Snake Agent by Liz Williams. ★★★
For whatever reason, I never connected to Snake Agent. Even when there was something about it that I normally would have found interesting, it just never drew me in.
Snake Agent is an urban fantasy, science fiction, mystery mash up set in an alternate universe where Singapore’s started franchising. Detective Inspector Chen handles supernatural cases for the Singapore Three police. He regularly deals with Heaven, Hell, and the spirits of the deceased. He soon becomes unwittingly embroiled in an investigation involving the trafficked souls of young girls and a conspiracy within Hell’s Ministry of Epidemics.
The part that I would normally find interesting was the world building. Even from the brief description I gave above, it’s clear that there’s a lot going on within the world of Snake Agent. Probably my favorite detail was that modern technology has speed up the bureaucratic processes within Heaven and Hell. I could imagine the settings clearly, and Hell was inventively disgusting. However, none of this really got me engaged with the book. And unfortunately, I never connected well enough to the characters or cared enough about the plot for those aspects to make the book worthwhile for me.
Chen was the normally by the books detective who was becoming conflicted due to associations with those who would normally be his opponents. In this case, it was primarily Seneschal Zhu Irzh, his counter part in Hell who he winds up working with as a partner, and his demonic wife Inari. Zhu and Inari both had POV sections in addition to Chen, as well as even some more minor characters like Sergeant Ma. I don’t think all of these POV characters were necessary to the book. In particular, I don’t know what Inari’s POV sections added as they didn’t tie strongly to the plot and Inari herself was not a very active character. In the end, I’m not sure what Inari contributed, besides having her existence be a conflict for Chen.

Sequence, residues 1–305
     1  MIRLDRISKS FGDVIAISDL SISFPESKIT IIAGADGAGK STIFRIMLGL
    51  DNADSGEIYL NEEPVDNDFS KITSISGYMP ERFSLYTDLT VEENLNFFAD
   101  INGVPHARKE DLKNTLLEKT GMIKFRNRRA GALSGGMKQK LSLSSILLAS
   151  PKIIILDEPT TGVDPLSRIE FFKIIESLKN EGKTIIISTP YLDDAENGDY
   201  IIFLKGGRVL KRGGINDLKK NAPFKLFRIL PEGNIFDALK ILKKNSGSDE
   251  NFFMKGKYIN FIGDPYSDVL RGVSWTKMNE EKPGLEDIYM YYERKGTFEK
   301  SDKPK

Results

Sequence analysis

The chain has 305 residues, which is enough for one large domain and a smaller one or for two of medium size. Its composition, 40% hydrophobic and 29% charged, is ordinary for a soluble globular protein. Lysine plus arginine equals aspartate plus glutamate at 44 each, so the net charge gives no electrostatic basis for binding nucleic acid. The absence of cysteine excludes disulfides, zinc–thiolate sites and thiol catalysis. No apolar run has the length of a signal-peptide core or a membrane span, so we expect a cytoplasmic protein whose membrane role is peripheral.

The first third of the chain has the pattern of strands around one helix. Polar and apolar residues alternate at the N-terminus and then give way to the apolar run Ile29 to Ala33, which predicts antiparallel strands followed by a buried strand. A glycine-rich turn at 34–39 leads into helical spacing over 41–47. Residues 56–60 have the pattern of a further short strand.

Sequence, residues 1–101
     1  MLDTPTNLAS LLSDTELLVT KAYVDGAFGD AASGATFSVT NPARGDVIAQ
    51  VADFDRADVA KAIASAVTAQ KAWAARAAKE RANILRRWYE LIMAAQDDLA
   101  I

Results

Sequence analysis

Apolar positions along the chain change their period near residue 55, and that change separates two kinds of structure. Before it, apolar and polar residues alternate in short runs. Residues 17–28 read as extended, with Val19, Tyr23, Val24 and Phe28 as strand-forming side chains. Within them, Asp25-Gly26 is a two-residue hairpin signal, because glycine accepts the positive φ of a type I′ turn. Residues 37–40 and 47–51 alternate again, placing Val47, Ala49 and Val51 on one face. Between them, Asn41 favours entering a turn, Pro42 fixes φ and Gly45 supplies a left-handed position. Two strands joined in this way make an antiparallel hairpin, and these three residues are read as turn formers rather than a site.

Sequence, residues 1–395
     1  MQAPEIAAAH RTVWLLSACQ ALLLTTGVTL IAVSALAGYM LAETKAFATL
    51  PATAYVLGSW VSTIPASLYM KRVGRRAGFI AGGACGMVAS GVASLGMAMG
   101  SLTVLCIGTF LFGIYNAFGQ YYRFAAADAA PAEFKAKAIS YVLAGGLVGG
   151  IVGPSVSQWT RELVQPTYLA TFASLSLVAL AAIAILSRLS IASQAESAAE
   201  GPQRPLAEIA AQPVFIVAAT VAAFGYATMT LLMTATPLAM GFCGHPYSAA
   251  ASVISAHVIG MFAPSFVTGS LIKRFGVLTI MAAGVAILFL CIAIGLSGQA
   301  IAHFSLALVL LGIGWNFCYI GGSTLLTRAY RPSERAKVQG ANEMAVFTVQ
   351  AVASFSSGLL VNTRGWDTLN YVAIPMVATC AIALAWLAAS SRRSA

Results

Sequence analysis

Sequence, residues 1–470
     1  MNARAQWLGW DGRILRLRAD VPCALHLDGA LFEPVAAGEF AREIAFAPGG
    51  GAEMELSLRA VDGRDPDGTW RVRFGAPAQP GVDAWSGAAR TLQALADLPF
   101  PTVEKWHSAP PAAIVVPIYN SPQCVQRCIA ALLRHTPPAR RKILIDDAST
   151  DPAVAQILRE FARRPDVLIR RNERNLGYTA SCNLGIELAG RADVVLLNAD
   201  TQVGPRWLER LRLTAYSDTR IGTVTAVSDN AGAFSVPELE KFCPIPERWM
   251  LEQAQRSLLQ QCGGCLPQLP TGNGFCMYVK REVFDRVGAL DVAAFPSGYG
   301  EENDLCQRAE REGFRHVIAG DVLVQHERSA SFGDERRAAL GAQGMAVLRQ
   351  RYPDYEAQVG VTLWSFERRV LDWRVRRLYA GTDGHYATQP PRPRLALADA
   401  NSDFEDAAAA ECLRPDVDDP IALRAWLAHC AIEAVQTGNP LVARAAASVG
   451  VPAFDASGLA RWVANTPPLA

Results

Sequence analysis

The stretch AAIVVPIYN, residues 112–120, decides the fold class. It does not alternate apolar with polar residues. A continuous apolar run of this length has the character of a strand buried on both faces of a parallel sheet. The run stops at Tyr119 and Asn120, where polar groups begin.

The plot has many different threads to it, and it did end up coming together as I predicted. However, I was hoping that the book would become more exciting or that I would care more once it drew closer to the climax. Neither occurred. I also wasn’t fond of the device where the author shows a snippet of the climax right at the beginning to try and get the reader immediately involved. It feels like clumsy manipulation. Obviously, a book should be manipulating a reader’s emotions (or else what is the point?), but in this case I found it blatant and ineffective.
I don’t think Snake Agent was bad exactly; I just didn’t find it very interesting. It’s unlikely to be a book I recommend in the future, and I’m not planning on continuing with the series.